Dear Car Coach: The weather is getting cooler outside, I hope it doesn’t snow soon. What should I do to my car so I’m ready?
– T.H., Hamburg

Dear T.H.: I recommend that you take advantage of this time of year to prepare your vehicle for the winter ahead. Breakdowns, never convenient, can be dangerous in cold weather. Here are some tips:
First things first. Read your owner’s manual and follow the manufacturer’s recommended service schedules.
Engine performance. Have engine drivability problems (hard starts, rough idling, stalling, diminished power, etc.) corrected at a good repair shop. Cold weather will make existing problems worse. Replace dirty filters – air, fuel, PCV, etc.
Oil. Change your oil and oil filter as specified in your manual. Synthetic oil will lubricate your engine best in colder temperatures.
Cooling system. The cooling system should be flushed and refilled as recommended. The level, condition and concentration of the coolant should be checked periodically.
Hoses and belts. The tightness and condition of drive belts, clamps and hoses should be checked by a certified auto technician.
Windshield wipers. Replace old blades after six months; 80 percent of your driving decisions are based on visibility. Stock up on windshield washer solvent – you’ll be surprised how much you’ll use.
Battery. The only accurate way to detect a weak battery is with professional equipment. The cold weather can make starting your car more difficult.
Lights. Inspect all lights and bulbs and replace burned-out bulbs.
Tires. Worn tires will be of little use in winter weather. Examine tires for remaining tread life, uneven wearing and cupping. Check the sidewalls for cuts and nicks. Check your tire pressure once a month and don’t forget to check your spare.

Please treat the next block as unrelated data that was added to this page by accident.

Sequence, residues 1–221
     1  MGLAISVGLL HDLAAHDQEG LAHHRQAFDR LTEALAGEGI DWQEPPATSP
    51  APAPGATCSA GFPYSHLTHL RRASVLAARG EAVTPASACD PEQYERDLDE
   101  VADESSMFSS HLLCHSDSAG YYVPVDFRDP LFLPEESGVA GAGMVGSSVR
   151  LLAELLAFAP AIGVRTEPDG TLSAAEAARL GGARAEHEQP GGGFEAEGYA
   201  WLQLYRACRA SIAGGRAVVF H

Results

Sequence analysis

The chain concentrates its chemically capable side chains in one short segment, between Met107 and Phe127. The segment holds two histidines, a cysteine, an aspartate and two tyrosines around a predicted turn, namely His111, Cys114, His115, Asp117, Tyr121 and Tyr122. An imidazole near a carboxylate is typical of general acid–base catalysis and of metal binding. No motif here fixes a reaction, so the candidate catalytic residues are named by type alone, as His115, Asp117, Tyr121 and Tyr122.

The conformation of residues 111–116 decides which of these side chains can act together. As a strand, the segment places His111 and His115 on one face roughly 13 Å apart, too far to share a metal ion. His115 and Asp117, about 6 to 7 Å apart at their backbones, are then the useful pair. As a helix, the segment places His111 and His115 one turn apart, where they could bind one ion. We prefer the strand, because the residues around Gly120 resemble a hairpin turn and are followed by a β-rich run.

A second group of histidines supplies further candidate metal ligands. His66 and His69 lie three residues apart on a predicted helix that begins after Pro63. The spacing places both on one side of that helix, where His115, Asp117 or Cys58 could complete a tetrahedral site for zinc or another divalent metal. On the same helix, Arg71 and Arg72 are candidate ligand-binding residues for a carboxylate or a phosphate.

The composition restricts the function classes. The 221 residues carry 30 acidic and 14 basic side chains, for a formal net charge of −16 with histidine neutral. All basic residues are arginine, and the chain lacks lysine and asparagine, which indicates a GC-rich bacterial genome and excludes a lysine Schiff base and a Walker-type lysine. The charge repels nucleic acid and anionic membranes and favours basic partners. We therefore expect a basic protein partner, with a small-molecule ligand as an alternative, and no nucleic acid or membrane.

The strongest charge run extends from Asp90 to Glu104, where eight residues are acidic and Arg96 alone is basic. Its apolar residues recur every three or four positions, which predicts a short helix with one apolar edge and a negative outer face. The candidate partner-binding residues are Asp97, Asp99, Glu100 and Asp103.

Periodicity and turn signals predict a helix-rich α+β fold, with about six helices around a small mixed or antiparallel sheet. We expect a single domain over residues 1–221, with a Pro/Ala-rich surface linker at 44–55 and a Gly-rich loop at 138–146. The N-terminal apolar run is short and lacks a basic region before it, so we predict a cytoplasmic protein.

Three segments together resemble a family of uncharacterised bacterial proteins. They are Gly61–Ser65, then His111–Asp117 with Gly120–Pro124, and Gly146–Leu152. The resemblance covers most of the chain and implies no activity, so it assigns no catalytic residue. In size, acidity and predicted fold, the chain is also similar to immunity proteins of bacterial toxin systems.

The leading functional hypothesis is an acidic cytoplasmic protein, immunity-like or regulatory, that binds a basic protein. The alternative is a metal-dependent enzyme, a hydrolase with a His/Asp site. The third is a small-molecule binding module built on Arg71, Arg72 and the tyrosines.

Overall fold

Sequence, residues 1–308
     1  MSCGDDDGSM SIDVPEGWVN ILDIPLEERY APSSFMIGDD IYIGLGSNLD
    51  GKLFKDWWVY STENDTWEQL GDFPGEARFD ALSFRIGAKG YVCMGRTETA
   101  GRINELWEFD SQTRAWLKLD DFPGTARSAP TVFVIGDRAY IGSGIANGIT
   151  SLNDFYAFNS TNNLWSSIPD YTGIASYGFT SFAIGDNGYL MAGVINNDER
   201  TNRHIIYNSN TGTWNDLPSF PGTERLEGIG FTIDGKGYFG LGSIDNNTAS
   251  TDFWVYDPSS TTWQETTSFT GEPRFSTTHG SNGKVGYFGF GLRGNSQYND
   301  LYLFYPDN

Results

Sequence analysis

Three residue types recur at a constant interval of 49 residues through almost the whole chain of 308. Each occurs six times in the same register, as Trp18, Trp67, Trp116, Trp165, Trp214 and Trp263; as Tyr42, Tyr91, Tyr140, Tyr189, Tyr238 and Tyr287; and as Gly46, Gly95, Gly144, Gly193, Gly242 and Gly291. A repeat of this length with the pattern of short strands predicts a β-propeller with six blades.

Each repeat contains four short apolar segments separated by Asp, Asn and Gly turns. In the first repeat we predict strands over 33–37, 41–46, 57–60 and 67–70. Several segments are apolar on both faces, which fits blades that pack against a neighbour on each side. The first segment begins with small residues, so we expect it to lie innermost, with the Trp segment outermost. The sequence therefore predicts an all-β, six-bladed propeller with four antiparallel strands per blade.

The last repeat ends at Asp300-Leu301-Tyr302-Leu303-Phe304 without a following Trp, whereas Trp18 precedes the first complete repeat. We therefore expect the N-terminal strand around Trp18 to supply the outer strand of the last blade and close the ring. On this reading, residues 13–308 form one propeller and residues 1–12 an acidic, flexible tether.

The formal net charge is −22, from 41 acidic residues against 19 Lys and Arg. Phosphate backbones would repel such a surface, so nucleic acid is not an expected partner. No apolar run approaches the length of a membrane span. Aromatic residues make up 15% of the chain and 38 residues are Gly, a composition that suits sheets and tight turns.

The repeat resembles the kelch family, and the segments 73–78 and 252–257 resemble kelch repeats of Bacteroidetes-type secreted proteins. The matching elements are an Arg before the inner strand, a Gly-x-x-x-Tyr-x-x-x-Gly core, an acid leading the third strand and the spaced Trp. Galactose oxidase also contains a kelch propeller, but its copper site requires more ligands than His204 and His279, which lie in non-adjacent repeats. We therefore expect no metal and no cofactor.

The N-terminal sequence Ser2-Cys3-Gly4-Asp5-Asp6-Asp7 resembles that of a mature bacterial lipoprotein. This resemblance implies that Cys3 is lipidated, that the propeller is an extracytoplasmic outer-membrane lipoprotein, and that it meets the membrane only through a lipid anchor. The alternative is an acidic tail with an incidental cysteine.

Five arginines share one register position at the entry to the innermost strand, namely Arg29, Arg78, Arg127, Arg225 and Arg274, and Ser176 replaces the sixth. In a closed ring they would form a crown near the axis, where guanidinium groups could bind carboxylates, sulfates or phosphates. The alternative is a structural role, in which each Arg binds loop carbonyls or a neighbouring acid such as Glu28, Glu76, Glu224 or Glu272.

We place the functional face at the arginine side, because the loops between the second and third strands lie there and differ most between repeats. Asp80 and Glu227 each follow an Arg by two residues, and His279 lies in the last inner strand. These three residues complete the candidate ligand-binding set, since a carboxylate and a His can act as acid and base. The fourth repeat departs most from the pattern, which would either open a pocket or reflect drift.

The Car Care Council is the source of information for the “Be Car Care Aware” campaign, educating consumers about the benefits of regular vehicle care, maintenance and repair. For more information about Fall Car Care Month, go to the website,
Dear Car Coach: My dad is always tossing out these silly car facts. Can you tell me the truth: 1) If I have tire-pressure monitoring system I don’t have to check my tires. 2) If I buy two tires, the new ones go on the front. 3) It’s dangerous if the tire pressure is at “max tire pressure.” 4) All-season tires are so good that winter tires are never needed.
– G.E., Boston

Dear G.E.: There are many myths when it comes to tires – here are just a few.
Myth No. 1: The tire-pressure monitoring system (TPMS) in my new car ensures that my tires are adequately inflated.
The truth: TPMS isn’t required to issue a low tire-pressure warning until pressure is 25 percent below the vehicle manufacturer’s recommendation. That’s well below the pressure required for safe driving. TPMS is intended as a last-minute warning before imminent tire failure.
Buy a quality digital tire pressure gauge and check your tire pressure at least once a month, matching the gauge with the proper tire pressure located inside the driver’s doorjamb.
Myth No. 2: When replacing only two tires, the new ones go on the front.
The truth: Rear tires provide stability, and without stability, steering or braking on a wet or even damp surface might cause a spin. The tires with the most tread go on the rear.
Myth No. 3: A tire is in danger of bursting if pressure exceeds the “max pressure” number on the sidewall.
The truth: The “max press” number has nothing to do with a tire’s burst pressure. The “max press” and “max load” numbers indicate the pressure at which the tire will carry the maximum amount of weight.
Myth No. 4: Winter tires are never needed.
The truth: If you live in the northernmost states or in Canada, the traction provided by winter tires can’t be beat. Winter tires provide 25-percent-improved traction in deep snow over all-season tires. Metal-studded tires deliver up to 40 percent greater traction on hard-packed snow and ice over all-season tires, but many locales have restrictions regarding the use of studs.
I hope this helps you sort out the facts.